Changes to this directive include provisions for reviewing alternate and supplementary standards for federal agencies (the equivalent of private sector variances from OSHA standards). Other changes include clarifications of how to determine the appropriate number and location of on-site inspections for establishments with multiple services or operations.

January News and Notes

NTSB Says New DOT Hands-free Rule Doesn't Go Far Enoughno cell phone label
A new DOT rule specifically prohibits commercial drivers from using hand-held mobile telephones while operating commercial trucks or buses. But the National Traffic Safety Board says that's not enough, and has called for a complete ban on cell phone use by all drivers, except in emergencies. NTSB says research shows there is no safety benefit to the use of hands-free cell phone devices. Read more about the new DOT rule here, review a NTSB distracted driving fact sheet here, or browse cell phone and texting labels here.

New Report Connects Health Care Worker Fatigue and Patient Safety
The link between health care worker fatigue and adverse events is well documented, with a substantial number of studies indicating that extended work hours contribute to high levels of worker fatigue and reduced productivity. These studies show fatigue increases the risk of adverse events, compromises patient safety, and increases risk to personal safety and well-being. Read more here or download the report here (pdf).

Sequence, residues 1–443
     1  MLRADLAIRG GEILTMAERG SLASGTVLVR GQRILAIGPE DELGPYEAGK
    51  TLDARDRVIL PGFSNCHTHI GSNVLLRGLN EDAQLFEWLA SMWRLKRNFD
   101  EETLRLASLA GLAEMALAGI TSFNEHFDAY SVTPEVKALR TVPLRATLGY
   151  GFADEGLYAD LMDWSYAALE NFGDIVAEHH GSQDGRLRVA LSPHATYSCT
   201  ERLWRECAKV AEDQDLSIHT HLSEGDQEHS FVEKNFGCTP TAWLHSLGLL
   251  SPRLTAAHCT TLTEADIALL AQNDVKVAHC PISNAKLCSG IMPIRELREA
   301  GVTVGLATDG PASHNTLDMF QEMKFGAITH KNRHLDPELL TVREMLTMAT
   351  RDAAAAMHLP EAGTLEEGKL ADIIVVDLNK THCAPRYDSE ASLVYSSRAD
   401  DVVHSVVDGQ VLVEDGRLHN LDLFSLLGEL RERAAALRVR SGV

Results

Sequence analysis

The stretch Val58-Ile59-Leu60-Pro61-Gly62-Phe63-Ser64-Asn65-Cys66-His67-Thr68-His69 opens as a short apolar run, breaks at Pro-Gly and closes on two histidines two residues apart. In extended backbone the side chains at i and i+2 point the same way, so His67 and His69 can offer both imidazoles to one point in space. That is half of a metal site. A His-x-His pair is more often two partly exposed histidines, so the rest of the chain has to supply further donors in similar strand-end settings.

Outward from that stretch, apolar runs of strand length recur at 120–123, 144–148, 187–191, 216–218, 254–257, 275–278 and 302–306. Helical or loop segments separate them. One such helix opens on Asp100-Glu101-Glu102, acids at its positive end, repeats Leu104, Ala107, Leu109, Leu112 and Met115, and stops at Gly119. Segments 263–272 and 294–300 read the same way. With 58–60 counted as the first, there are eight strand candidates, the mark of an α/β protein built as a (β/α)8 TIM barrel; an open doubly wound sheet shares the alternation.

Recycling signs
New Plastics Recycling Website for Recycling Professionals
RecycleYourPlastics.org is a one-stop site for extensive information on plastics recycling, including consumer education programs, sorting technologies, containers, bags and film. The site is designed primarily for community recycling coordinators, solid waste officials and other professionals tasked with helping communities collect and recycle their plastics. Read more here or visit recycleyourplastics.org.
 

Safety Tip: Protecting Workers from Carbon Monoxide

Respirator Safety SignCarbon Monoxide (CO) poisoning causes hundreds of deaths and thousands of hospital visits every year in North America, and the risks increase as windows and doors are closed during the winter months. Internal combustion engines are the most common source of CO in the workplace. There are also exposure risks in boiler rooms, warehouses and many other locations and occupations.

Here are some carbon monoxide safety tips for employers from the Canadian Centre for Occupational Health and Safety:                     




  • Install an effective ventilation system that will remove carbon monoxide from work areas.